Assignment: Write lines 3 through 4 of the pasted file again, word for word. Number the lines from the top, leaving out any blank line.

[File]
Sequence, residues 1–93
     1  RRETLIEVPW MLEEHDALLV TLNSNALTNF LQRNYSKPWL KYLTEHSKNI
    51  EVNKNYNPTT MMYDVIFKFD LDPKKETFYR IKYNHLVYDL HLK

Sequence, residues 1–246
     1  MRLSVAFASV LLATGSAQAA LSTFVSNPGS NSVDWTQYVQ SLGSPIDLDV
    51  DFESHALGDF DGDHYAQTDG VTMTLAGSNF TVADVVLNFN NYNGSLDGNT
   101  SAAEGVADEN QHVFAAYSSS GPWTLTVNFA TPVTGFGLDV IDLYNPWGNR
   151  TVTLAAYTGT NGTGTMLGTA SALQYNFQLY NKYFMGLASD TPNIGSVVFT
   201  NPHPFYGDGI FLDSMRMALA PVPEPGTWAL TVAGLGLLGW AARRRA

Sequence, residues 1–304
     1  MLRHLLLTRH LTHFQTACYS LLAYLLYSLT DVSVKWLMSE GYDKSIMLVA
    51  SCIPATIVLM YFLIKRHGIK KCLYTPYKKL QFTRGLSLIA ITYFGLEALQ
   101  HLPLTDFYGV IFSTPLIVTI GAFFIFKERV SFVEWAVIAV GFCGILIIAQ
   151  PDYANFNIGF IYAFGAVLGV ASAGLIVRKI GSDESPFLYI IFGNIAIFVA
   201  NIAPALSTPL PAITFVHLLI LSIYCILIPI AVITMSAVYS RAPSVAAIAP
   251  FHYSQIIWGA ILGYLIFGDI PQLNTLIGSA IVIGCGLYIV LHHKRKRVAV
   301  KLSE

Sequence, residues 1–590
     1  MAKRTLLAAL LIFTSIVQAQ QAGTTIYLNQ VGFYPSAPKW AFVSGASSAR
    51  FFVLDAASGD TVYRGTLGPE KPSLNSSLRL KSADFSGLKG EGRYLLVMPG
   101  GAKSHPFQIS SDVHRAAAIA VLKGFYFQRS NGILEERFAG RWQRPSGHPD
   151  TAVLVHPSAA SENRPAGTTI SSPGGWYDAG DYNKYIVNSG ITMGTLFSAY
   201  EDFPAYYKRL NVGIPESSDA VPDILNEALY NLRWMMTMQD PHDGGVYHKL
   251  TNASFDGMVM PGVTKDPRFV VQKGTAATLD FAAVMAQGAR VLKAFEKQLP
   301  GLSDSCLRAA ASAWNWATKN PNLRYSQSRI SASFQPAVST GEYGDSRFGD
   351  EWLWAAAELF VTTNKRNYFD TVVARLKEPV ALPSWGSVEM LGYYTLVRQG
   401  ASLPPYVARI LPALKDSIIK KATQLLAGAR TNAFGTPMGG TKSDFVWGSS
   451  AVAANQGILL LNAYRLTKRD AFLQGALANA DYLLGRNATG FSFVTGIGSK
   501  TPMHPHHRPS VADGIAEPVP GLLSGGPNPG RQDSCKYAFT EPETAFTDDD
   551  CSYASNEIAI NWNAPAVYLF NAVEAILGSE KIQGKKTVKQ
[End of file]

    51  EVNKNYNPTT MMYDVIFKFD LDPKKETFYR IKYNHLVYDL HLK

Sequence, residues 1–246